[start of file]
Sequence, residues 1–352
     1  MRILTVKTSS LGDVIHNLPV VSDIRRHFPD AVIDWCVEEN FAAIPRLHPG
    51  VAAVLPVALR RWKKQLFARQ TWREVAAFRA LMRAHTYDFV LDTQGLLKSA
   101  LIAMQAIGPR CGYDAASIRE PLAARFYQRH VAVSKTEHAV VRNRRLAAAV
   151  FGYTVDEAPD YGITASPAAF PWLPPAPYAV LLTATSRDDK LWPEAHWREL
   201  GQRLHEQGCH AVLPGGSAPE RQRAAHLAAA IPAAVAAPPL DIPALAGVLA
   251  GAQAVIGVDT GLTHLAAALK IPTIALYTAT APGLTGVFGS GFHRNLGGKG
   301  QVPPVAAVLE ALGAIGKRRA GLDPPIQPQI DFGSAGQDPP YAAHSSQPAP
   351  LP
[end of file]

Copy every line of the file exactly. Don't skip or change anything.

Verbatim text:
Sequence, residues 1–352
     1  MRILTVKTSS LGDVIHNLPV VSDIRRHFPD AVIDWCVEEN FAAIPRLHPG
    51  VAAVLPVALR RWKKQLFARQ TWREVAAFRA LMRAHTYDFV LDTQGLLKSA
   101  LIAMQAIGPR CGYDAASIRE PLAARFYQRH VAVSKTEHAV VRNRRLAAAV
   151  FGYTVDEAPD YGITASPAAF PWLPPAPYAV LLTATSRDDK LWPEAHWREL
   201  GQRLHEQGCH AVLPGGSAPE RQRAAHLAAA IPAAVAAPPL DIPALAGVLA
   251  GAQAVIGVDT GLTHLAAALK IPTIALYTAT APGLTGVFGS GFHRNLGGKG
   301  QVPPVAAVLE ALGAIGKRRA GLDPPIQPQI DFGSAGQDPP YAAHSSQPAP
   351  LP